InfoHQ Tech Watch Newsletter No. 12 - Computing Forecast 2004 Feb. 07, 2004
Welcome to our twelfth InfoHQ Tech Watch Newsletter - Computing Forecast 2004. In this newsletter we gaze into the future and forecast what the 2004 computing year might bring.
While there has been plenty of hype about 64 bit CPUs, e.g. Apple's G5 and AMD's Athlon 64, these CPUs will not dominate Intel's 32 bit, Hyper Threading Technology, Pentium 4 in the year ahead. Why?
Apple and Motorola (the manufacturer of the CPU) have a very good 64 bit CPU design in the G5 that can take advantage of Apple's Unix based operating system, Panther. Apple's problem is that they lost too much market share in previous years, and now they hold less than 4% of the desktop market.
AMD's Athlon 64 is another well designed CPU, and its ability to process in 32 bit mode as well as 64 bit mode is intriguing, however the only operating system that can currently take full advantage of 64 bit mode on the PC is Linux. While Microsoft has released a trial version of 64 bit Windows XP for download, even a finished version of 64 bit Windows XP by the end of the year will probably not have a huge impact on the PC community.
When PC game manufacturers start releasing games for 64 bit Windows XP and reviewers show that AMD's 64 bit processors can out perform Intel's latest Hyper Threading (HT) Pentium 4 processors (game designers have also promised games optimized for Intel's HT Technology) by significant margins, then its time to buy an Athlon 64.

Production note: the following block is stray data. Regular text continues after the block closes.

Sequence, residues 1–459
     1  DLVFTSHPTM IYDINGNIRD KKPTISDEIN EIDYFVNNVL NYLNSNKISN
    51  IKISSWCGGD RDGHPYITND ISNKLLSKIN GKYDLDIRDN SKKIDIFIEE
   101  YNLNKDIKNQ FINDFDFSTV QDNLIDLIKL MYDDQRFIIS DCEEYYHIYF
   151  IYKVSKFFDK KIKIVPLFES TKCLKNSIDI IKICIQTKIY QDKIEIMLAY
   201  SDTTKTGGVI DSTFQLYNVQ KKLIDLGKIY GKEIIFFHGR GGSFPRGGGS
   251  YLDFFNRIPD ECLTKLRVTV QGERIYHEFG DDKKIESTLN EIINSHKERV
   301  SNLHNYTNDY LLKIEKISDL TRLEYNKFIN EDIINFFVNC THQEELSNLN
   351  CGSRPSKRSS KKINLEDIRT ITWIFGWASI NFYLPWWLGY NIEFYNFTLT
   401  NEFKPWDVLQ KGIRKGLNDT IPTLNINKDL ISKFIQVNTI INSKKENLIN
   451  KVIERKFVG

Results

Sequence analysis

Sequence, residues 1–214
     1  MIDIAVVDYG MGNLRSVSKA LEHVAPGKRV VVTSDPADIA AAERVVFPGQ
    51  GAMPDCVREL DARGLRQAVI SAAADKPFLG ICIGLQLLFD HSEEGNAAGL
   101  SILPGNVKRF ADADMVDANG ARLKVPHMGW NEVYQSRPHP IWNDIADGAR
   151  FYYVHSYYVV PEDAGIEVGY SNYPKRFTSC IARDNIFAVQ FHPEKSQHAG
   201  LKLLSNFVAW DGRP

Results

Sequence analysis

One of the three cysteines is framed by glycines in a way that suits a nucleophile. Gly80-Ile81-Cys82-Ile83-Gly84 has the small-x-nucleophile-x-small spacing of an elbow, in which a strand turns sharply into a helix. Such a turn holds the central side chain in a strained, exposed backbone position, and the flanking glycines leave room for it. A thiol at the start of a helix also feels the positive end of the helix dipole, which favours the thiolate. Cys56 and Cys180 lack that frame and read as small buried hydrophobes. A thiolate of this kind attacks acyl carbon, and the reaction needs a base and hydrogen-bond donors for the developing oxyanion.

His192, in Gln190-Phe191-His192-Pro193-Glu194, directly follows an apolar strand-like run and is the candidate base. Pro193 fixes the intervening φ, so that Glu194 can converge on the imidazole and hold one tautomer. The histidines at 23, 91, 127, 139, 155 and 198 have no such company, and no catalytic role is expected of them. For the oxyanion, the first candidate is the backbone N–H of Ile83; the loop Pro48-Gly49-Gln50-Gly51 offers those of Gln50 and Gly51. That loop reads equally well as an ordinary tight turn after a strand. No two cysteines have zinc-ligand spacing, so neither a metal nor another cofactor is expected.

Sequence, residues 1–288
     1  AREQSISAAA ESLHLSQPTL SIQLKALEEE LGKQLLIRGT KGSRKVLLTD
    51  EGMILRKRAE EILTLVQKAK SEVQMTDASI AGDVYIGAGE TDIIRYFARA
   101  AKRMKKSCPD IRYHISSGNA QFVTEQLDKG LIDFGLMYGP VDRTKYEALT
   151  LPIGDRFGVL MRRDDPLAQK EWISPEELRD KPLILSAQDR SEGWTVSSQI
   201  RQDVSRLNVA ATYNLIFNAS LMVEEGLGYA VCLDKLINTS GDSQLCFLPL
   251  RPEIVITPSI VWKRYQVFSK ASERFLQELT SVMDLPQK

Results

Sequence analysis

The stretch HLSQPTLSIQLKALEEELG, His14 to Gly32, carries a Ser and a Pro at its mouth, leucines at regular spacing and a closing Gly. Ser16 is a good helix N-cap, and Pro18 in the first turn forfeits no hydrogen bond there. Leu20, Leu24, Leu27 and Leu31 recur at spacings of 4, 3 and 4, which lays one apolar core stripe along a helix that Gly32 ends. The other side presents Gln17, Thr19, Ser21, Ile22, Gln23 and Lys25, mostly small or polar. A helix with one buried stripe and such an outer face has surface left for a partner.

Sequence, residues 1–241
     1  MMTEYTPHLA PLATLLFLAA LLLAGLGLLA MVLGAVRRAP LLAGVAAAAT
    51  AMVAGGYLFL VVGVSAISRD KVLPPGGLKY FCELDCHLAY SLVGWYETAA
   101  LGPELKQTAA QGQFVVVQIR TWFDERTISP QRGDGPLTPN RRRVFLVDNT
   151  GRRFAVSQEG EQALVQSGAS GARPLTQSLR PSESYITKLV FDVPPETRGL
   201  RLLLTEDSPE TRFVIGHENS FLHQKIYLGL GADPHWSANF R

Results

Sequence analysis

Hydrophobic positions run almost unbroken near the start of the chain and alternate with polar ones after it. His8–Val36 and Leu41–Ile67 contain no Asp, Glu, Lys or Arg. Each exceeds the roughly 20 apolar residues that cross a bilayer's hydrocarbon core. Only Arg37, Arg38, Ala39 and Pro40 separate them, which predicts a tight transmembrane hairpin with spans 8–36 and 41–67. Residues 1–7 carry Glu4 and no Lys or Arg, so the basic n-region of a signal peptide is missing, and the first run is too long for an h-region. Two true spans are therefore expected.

In the constant battle for CPU supremacy, neither manufacturer can hold the speed title for long, so buy a new computer based on the speed and CPU you can afford, and don't worry about hype.
The New PCI bus; PCI Express
One of the biggest changes to the PC this year will be the introduction
of a new PC bus called PCI Express (PCIX). PCIX will replace the current
PCI bus that has a speed of 133 Mb/s, with a new bus that has speeds
that start at 250 Mb/s and can scale to over 1000 Mb/s.
More Hostile Viruses and Worms
All the big computer security companies are predicting even nastier
computer viruses and worms for the year ahead. If the recent MyDoom
Worm is any indication of what's in store, the computer community is
definitely in for a bumpy year.
We all need to make a conscious effort to keep viruses and worms from attacking our computers by using firewall and antivirus programs. If you would like to learn more about viruses and worms, and how you can protect your computer, please see our article, Fighting Back Against Email Spammers, Internet Hackers, and other Web Thieves.
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